Design in the built environment
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Design blog about the built environment

Agency deliverables not meeting client expectations?

Surprisingly it’s not always successfully done on both client and agency side.

There are three common types of briefing:

  • To request a quote
  • For creative direction
  • For production.

We’re all busy and need to get work done and ticked off the list, but if briefing is not done with thought, it causes many problems down the road, which include:

  • Pricing not correctly quoted with the result losing a potential job or budget blow out
  • Important milestones missed
  • Client expectations not met
  • Wrong document format and work has to be redone at client’s costs
  • Delayed projects
  • Wasted opportunity
  • Frustration for both client and agency.

So who is responsible for good briefing - the client or agency? It is the client’s role to brief an agency on what they need, why, budget, timelines, expectations and deliverables.

It’s an agency’s job to ask as many questions to help form a return brief in response to the client’s brief for approval. Once the client signs off the brief, the accountability is with them. Then it’s over to the agency to deliver the goods.


The main items to keep in mind to help your designer are:

Budget - Please be upfront as we can work towards a budget. We supply a price and welcome the opportunity to be able to revise that if the initial cost is queried.

Timeline - Establish start and delivery dates with key design and artwork milestones. Please consult with your designer on printing and production before agreeing to stakeholders timing as this is where issues arise. Having to rush through unproofed jobs to the printer and mistakes being found once delivered.

Content - When briefing agencies, please supply draft content. We can then see how many pages or large, complicated (or simple) the project is. Include how many diagrams, infographics, icons, maps or illustrations are required. These can take a lot of time. Please supply examples of previous or similar documents as references if content isn’t available so we know what a client expects. Be aware though that an agency may need to re quote as there is more content or it’s more complicated than the example provided.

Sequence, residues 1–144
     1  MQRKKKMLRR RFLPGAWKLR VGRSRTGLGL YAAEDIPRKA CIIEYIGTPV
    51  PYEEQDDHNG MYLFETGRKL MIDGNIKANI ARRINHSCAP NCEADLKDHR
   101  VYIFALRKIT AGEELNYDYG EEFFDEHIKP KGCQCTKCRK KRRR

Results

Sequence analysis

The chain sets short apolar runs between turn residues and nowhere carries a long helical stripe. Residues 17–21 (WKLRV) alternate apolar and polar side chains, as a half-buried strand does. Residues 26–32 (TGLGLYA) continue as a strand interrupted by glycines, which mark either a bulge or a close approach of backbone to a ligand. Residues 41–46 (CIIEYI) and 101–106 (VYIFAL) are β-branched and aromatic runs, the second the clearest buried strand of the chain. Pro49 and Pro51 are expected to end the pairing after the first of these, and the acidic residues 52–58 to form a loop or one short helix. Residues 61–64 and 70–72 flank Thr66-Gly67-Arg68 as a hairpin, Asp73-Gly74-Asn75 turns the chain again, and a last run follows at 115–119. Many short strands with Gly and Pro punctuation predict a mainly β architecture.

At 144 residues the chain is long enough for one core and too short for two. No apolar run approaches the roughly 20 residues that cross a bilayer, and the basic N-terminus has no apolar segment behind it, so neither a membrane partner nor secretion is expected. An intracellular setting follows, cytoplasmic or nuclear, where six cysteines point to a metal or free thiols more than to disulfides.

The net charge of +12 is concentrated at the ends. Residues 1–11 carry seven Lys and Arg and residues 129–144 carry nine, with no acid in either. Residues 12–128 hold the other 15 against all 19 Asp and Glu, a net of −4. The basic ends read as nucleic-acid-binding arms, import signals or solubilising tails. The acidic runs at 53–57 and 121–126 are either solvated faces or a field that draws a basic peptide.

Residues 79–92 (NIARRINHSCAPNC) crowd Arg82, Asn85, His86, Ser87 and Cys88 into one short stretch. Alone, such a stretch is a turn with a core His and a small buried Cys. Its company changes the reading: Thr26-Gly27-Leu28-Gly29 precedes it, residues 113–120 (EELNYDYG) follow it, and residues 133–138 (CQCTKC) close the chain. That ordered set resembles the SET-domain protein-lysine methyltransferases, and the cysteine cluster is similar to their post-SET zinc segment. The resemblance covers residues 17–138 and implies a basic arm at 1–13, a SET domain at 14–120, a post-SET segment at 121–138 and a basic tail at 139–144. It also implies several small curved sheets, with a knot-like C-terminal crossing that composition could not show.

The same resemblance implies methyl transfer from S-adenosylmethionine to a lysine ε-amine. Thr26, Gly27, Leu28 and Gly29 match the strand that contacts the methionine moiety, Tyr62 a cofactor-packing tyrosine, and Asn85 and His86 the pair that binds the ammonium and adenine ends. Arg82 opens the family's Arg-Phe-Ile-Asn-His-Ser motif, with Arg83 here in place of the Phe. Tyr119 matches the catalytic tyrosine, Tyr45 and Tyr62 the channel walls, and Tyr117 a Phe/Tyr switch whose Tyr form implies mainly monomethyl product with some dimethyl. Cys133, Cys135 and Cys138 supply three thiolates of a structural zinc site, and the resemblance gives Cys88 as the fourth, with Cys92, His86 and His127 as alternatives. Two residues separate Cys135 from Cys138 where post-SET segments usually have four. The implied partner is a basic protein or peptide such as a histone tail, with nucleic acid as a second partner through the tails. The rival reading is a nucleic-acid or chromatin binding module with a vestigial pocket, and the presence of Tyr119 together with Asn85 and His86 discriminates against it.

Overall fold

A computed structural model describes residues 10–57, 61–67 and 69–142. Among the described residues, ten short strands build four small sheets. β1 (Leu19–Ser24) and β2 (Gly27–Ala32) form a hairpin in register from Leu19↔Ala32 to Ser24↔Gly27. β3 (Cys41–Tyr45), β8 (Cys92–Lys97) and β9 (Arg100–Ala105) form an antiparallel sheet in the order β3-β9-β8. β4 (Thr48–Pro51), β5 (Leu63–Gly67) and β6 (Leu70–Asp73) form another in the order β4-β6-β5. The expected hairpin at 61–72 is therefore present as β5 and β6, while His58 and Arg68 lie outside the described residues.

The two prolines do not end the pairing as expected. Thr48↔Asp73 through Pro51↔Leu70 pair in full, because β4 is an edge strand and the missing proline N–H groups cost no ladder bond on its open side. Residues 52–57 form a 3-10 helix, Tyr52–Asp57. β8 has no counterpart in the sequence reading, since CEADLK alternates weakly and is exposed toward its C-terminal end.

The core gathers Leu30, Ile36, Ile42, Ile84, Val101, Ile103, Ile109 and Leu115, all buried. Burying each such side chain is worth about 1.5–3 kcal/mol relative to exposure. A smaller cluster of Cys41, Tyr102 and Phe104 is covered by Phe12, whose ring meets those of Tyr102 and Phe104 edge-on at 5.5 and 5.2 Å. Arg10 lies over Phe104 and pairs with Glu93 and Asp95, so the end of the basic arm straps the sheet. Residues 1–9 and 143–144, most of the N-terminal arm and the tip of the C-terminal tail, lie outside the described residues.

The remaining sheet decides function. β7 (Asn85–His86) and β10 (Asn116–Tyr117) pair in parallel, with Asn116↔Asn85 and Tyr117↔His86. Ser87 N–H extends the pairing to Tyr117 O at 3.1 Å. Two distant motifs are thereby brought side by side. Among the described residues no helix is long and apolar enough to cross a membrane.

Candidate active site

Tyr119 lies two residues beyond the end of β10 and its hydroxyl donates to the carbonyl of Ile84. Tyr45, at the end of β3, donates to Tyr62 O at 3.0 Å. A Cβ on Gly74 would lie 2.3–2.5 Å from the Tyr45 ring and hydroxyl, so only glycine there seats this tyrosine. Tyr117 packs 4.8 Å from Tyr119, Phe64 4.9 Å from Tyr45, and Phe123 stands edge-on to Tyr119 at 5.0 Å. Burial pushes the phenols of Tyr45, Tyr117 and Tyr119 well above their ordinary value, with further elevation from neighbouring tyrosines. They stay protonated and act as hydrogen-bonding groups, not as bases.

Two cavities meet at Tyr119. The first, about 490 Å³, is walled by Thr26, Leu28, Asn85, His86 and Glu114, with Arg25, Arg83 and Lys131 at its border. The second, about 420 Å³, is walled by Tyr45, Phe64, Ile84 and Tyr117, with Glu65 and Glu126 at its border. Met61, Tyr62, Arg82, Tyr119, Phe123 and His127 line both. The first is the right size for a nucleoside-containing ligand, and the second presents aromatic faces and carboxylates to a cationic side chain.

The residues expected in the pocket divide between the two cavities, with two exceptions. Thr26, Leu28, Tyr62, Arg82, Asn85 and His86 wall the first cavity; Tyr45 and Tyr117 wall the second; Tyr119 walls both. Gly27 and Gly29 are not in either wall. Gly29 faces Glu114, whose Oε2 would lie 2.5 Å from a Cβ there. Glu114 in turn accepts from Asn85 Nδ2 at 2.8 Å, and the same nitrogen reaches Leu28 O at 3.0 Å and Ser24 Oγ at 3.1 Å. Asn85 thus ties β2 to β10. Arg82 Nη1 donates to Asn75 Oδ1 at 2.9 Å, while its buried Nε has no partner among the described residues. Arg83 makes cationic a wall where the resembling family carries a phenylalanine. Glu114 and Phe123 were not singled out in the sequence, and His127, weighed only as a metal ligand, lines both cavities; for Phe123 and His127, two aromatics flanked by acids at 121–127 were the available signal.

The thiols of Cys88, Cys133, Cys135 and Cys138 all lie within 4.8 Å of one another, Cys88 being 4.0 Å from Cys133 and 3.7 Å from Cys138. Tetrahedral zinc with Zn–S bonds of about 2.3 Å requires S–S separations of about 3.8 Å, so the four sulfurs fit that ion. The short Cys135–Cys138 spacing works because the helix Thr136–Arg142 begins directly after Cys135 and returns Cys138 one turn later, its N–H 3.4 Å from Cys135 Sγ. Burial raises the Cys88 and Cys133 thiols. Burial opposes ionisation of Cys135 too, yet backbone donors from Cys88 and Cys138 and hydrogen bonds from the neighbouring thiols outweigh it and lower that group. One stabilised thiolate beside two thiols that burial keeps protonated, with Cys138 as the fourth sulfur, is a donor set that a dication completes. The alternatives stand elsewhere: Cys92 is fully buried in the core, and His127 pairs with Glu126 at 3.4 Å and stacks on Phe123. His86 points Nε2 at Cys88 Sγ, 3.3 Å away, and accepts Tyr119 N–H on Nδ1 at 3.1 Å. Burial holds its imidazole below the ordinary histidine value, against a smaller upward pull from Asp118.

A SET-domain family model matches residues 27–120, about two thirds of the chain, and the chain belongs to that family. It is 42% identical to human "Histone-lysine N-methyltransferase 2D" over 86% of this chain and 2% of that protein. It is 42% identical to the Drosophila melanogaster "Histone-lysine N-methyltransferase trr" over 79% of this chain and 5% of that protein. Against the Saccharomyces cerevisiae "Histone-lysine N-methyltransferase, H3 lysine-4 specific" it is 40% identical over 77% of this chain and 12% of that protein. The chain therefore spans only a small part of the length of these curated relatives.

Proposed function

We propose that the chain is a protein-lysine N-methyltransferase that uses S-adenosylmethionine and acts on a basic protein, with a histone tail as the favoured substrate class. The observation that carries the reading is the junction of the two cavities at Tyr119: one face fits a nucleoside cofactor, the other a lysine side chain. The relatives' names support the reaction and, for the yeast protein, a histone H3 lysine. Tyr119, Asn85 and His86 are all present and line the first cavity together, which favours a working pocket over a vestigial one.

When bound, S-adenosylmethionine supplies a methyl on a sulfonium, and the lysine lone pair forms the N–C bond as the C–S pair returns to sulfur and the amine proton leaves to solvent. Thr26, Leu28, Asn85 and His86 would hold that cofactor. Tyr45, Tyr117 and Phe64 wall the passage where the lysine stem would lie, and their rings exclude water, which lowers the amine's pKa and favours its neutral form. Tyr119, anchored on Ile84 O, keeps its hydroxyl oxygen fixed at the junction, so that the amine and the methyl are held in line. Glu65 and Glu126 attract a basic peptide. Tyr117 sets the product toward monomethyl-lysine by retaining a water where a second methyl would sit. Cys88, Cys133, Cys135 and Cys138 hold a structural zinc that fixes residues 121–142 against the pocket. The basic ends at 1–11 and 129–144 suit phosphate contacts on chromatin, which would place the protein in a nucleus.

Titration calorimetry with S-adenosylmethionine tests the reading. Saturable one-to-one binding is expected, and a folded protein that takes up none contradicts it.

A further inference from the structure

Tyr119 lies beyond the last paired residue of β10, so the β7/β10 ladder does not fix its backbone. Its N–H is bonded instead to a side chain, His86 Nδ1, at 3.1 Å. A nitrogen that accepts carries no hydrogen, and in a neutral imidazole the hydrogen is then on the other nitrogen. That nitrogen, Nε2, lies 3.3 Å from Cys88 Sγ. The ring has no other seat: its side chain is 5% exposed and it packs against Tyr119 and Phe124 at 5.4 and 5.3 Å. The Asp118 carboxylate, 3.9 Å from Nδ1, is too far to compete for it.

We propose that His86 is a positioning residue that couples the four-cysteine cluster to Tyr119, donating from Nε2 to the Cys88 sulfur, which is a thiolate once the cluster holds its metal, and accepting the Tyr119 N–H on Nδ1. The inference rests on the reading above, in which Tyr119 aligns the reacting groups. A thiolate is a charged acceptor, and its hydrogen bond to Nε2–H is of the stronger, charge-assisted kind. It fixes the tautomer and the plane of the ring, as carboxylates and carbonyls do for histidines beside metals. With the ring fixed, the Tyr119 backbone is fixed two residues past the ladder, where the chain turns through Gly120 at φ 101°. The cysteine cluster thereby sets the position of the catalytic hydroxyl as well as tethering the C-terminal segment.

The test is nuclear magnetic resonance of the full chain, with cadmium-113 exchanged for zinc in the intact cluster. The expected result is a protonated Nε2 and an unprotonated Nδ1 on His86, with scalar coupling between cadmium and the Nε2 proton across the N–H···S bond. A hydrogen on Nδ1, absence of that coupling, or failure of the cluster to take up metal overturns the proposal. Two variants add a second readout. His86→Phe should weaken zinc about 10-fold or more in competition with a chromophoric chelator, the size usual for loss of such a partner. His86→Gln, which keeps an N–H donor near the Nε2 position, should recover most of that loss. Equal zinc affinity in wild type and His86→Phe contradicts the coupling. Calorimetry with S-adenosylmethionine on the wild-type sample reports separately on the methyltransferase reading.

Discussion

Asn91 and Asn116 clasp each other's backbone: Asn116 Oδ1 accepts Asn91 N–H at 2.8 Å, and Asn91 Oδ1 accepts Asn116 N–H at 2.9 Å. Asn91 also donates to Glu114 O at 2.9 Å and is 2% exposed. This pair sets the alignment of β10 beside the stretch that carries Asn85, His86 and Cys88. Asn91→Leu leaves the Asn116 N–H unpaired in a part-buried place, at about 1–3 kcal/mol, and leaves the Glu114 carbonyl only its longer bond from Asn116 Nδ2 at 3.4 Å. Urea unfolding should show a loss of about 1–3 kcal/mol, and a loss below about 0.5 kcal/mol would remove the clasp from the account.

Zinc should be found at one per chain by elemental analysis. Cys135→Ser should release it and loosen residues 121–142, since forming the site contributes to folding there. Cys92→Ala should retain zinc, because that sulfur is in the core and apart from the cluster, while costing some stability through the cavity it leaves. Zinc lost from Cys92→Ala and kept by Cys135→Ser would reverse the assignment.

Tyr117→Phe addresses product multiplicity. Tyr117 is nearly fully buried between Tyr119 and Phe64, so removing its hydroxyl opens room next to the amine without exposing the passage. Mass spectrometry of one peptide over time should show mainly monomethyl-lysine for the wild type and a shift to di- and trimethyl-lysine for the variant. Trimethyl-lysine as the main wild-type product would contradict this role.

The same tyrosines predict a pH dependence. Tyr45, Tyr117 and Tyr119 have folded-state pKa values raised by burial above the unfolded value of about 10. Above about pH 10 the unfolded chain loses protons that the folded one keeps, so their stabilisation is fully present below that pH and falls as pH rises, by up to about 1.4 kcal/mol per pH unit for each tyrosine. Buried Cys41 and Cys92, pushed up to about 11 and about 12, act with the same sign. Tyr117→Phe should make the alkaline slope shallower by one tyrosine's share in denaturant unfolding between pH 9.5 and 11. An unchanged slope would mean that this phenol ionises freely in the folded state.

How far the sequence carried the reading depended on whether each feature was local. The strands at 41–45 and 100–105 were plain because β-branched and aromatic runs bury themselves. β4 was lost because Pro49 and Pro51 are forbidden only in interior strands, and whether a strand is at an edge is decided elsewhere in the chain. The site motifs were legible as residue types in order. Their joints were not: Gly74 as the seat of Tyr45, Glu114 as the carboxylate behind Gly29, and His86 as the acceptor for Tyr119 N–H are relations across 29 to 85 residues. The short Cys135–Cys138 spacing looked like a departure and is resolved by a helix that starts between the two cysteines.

Proofing - Allow time for both the agency and yourself to proof. We always get our printers to supply a print proof for client sign-off. The content is the responsibility of the client, not the designer.

To help guide our clients we have a range of documents we use for projects of various sizes and types.  Please let us know if you’d like us to add anything to briefs as we value client input.

  • Brand/Identity Brief
  • Video/animation Brief
  • Website Brief
  • Brochure Brief
  • Environmental/Signage Brief

We get asked what elements increases costs. Some examples are below.

Infographics - These are a combination of icons and type and tell a story. This requires thought on flow, scale of elements and legibility whether for print or digital.

Maps - These are supplied as GIS source files which when supplied, the line work isn’t joined, there is complex information supplied as 1 layer and needs to be separated out into 10+ layers. These are then styled into the client’s brand style.

Images - A lot of time can be spent sourcing images. In our experience it’s better the client does this as generally people can’t articulate their vision. How you can help is to find some example images and give the agency the keywords used to find them. This is a good starting point.


How do we price?

I asked an artist recently on how long it took him to paint a picture and his response was 30 years! This was such a fantastic response and made total sense.

Clients often question cost and they don’t realise we’re quoting based on years of acquired experience, learnings, successes, process and keeping up with technology changes (by the way which used to be on a 2-3 year cycle, this now has been reduced to 6 months).

Because of technology, it’s allowing clients to make changes last minute. When this happens, more staff are involved to deliver the urgent changes and jobs get messy.

If urgent jobs are required and the objective is about meeting tight deadlines, these are the items (and opportunities) that get missed in the delivery:

  • Proofing/QA
  • Refining/improving design
  • Delivering all objectives
  • Communicating messages clearly.

Need some more help on briefing or want to have a friendly chat? Give us a call on 02 9331 4258 or send us an email to